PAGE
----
Published by Catapult
Published: March 15th 2016
Format: Trade Paper
Margaret Cavendish is apparently mentioned in Virginia Woolf’s A Room of One’s Own, and I’ve added that on my immediate to-read list. And I have a renewed interest in Margaret’s own work. I almost wish I could have read it the other way around to see how the author drew from Woolf to create Margaret’s dreamlike exploration of what it means to have a space of one’s own (in the mind, in the house, in society) to be oneself entirely.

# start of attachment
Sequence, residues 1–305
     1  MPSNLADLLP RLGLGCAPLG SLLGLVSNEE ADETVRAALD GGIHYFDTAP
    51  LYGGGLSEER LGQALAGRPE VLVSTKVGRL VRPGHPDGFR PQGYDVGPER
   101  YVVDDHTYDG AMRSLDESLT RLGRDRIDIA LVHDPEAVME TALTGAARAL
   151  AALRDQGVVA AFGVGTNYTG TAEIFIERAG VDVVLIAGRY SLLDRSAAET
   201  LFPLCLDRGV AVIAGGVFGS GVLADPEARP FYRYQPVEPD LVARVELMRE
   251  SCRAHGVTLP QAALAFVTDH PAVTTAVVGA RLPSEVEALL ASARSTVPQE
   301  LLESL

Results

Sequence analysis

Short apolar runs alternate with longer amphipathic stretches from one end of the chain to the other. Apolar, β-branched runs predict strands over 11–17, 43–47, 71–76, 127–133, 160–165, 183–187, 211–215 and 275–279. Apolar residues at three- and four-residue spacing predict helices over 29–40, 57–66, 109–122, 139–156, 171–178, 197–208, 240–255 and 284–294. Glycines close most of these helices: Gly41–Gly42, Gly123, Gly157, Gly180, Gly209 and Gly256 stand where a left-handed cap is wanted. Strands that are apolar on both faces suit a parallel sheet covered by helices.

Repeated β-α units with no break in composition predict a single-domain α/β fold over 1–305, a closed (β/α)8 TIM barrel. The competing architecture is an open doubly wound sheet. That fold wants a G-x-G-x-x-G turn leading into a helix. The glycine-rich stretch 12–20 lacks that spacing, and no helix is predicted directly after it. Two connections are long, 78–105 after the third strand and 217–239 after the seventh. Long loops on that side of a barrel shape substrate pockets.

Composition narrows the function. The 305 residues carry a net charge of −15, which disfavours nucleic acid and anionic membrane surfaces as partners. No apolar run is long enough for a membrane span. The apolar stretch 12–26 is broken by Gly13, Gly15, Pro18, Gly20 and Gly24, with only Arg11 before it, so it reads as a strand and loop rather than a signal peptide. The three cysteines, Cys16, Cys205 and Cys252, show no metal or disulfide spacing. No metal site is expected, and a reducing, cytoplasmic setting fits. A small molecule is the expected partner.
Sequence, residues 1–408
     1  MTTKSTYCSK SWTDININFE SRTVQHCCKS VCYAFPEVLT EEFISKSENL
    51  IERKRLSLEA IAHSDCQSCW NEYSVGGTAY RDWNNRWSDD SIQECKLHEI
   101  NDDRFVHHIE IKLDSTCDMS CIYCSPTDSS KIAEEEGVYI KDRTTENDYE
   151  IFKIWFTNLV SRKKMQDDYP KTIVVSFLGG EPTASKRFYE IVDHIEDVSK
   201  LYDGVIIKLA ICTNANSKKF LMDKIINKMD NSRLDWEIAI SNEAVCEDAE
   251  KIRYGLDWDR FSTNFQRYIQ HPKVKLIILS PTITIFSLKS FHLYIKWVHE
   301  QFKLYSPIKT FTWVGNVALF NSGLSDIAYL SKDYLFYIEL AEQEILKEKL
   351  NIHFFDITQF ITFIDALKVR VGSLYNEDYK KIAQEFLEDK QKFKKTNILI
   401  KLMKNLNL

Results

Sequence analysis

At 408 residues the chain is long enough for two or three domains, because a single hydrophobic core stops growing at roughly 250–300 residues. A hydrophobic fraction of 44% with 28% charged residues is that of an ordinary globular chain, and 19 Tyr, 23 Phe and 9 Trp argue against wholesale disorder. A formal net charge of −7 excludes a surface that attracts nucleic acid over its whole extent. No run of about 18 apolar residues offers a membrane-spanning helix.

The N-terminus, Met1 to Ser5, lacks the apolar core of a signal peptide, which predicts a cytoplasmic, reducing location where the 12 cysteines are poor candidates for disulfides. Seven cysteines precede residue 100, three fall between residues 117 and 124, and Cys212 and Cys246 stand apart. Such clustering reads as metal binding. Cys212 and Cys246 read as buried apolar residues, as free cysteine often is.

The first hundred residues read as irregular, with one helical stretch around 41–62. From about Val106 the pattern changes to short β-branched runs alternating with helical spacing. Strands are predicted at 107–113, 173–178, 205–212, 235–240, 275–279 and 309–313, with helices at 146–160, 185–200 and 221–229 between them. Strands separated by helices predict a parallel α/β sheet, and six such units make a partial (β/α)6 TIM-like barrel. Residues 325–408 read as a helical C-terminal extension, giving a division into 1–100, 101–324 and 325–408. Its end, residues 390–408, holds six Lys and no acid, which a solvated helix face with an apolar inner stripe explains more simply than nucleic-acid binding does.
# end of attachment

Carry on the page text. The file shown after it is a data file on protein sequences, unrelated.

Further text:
This isn’t a historical novel. Ideas and scenes are presented with little more than a place and year. If you’re familiar with Margaret Cavendish and the history of the world surrounding her life, the context becomes clearer. If you’re not entirely familiar with her or that period in history, it’s still enjoyable. I knew enough to place the novel in contextual history, and now after reading I want to know more. It’s a thinky, dreamy read that will transport you away for a little while.
It’s feminist, it’s progressive, and it’s lyrical.